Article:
7. Patellofemoral joint motion: Evaluation by ultrafast computed tomography

    Stanford, W.; Phelan, J.; Kathol, M.H.; Rooholamini, S.A.; El-Khoury, G.Y.; Palutsis, G.R.; Albright, J.P.

    1988-01-01

    Patellofemoral maltracking is a recognized cause of peripatellar pain. Clinicians currently rely on observation, palpation, and static radiographic images to evaluate the symptomatic patient. Ultrafast computed tomography (ultrafast CT) offers objective observations of the dynamic influences of muscle contraction on the patellofemoral joint as the knee is actively moved through a range of motion from 90 0 C flexion of full extension. This study reports our initial observations and establishes a range of normal values so that patients with a clinical suspicion of patellar maltracking may be evaluated. (orig./GDG)

  8. Patellofemoral joint motion: Evaluation by ultrafast computed tomography

    Stanford, W.; Phelan, J.; Kathol, M.H.; Rooholamini, S.A.; El-Khoury, G.Y.; Palutsis, G.R.; Albright, J.P.

    1988-10-01

    Patellofemoral maltracking is a recognized cause of peripatellar pain. Clinicians currently rely on observation, palpation, and static radiographic images to evaluate the symptomatic patient. Ultrafast computed tomography (ultrafast CT) offers objective observations of the dynamic influences of muscle contraction on the patellofemoral joint as the knee is actively moved through a range of motion from 90/sup 0/C flexion of full extension. This study reports our initial observations and establishes a range of normal values so that patients with a clinical suspicion of patellar maltracking may be evaluated. (orig./GDG).

  9. Toward High Performance 2D/2D Hybrid Photocatalyst by Electrostatic Assembly of Rationally Modified Carbon Nitride on Reduced Graphene Oxide

    Chen, Jian; Xu, Xiaochan; Li, Tao; Pandiselvi, Kannusamy; Wang, Jingyu

    2016-11-01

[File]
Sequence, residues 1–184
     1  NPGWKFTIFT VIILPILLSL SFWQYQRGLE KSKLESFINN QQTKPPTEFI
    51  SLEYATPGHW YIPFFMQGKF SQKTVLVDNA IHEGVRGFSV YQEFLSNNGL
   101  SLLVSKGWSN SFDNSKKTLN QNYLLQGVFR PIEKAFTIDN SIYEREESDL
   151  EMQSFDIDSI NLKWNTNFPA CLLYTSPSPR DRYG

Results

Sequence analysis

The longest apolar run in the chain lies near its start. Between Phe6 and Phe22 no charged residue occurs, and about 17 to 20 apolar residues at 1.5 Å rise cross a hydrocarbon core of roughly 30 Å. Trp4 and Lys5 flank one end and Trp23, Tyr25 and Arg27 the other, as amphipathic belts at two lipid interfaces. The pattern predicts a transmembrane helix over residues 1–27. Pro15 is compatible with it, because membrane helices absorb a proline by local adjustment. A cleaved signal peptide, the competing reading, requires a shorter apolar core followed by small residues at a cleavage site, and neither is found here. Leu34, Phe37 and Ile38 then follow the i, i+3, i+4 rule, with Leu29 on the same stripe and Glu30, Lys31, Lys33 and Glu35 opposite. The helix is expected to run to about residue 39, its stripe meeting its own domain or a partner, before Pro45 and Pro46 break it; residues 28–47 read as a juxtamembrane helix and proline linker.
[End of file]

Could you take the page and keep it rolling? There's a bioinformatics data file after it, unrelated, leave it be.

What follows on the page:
Efficient metal-free visible photocatalysts with high stability are highly desired for sufficient utilization of solar energy. In this work, the popular carbon nitride (CN) photocatalyst is rationally modified by acid exfoliation of molecular grafted CN, achieving improved visible-light utilization and charge carriers mobility. Moreover, the modification process tuned the surface electrical property of CN, which enabled it to be readily coupled with the oppositely charged graphene oxide during the following photo-assisted electrostatic assembly. Detailed characterizations indicate the formation of well-contacted 2D/2D heterostructure with strong interfacial interaction between the modified CN nanosheets (CNX-NSs) and reduced graphene oxide (RGO). The optimized hybrid (with a RGO ratio of 20%) exhibits the best photocatalytic performance toward MB degradation, which is almost 12.5 and 7.0 times of CN under full spectrum and visible-light irradiation, respectively. In addition, the hybrid exhibits high stability after five successive cycles with no obvious change in efficiency. Unlike pure CNX-NSs, the dye decomposition mostly depends on the H2O2 generation by a two-electron process due to the electron reservoir property of RGO. Thus the enhancement in photocatalytic activity could be ascribed to the improved light utilization and increased charge transfer ability across the interface of CNX-NSs/RGO heterostructure.